void btnInStr_OnClick(WndEventArgs& Wea)
{
 double dblNumber=3.14159;
 HINSTANCE hIns=NULL;
 String s1,s2,s3;
 HWND hCtl=NULL;
 HWND hOutput;
 int iOffset;
 RECT rc;

 hIns=GetModuleHandle(0);
 hOutput=CreateWindowEx(0,"frmOutput","String Class Minipulations In C++",WS_OVERLAPPEDWINDOW,20,500,625,200,0,0,hIns,0);
 GetClientRect(hOutput,&rc);
 hCtl=CreateWindowEx(0,"listbox","",LBS_HASSTRINGS|WS_CHILD|WS_VISIBLE,0,0,rc.right,rc.bottom,hOutput,(HMENU)IDC_LISTBOX,hIns,0);
 ShowWindow(hOutput,SW_SHOWNORMAL);
 s1="InStr('Some Text') Locates The One Based Offset Of Where Something Is At.";
 SendMessage(hCtl,LB_ADDSTRING,0,(LPARAM)s1.lpStr());
 s1="C++ Can Be A Real Pain In The Butt To Learn!";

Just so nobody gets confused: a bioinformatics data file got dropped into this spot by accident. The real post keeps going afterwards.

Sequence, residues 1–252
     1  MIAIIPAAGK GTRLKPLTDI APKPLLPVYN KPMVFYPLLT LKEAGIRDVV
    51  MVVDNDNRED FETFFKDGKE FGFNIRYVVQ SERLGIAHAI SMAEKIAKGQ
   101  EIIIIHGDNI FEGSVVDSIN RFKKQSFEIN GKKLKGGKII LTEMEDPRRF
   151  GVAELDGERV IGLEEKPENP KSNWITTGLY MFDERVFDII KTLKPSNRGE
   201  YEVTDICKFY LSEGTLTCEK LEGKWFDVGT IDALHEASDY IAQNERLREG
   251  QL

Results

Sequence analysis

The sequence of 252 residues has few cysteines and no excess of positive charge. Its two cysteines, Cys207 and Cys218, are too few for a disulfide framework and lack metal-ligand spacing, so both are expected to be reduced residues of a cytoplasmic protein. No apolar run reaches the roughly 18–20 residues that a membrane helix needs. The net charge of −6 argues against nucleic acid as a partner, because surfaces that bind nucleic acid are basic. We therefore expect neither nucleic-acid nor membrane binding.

SendMessage(hCtl,LB_ADDSTRING,0,(LPARAM)s1.lpStr());
 iOffset=s1.InStr("real",false,false);
 s2=iOffset;
 s3 ="The Offset Of 'real' In The Above String Is ";
 s3 = s3 + s2 + '.';
 SendMessage(hCtl,LB_ADDSTRING,0,(LPARAM)s3.lpStr());
 s3=3.14159;
 s3.LTrim();
 SendMessage(hCtl,LB_ADDSTRING,0,(LPARAM)s3.lpStr());
 s2="Note In The Above Code We Used The Case Insensitive Version Of InStr().";
 SendMessage(hCtl,LB_ADDSTRING,0,(LPARAM)s2.lpStr());
 s3="We Also Saw We Can Convert A Number (pi) Directly To A String By Simple Assignment.";
 SendMessage(hCtl,LB_ADDSTRING,0,(LPARAM)s3.lpStr());
 s3="Let's See If We Can Remove() 'Real' From Our 1st String!";
 SendMessage(hCtl,LB_ADDSTRING,0,(LPARAM)s3.lpStr());
 s2=s1.Remove("Real",true);
 SendMessage(hCtl,LB_ADDSTRING,0,(LPARAM)s2.lpStr());
 s2="Dieses Program funktioniert aber sehr gut, nicht wahr?";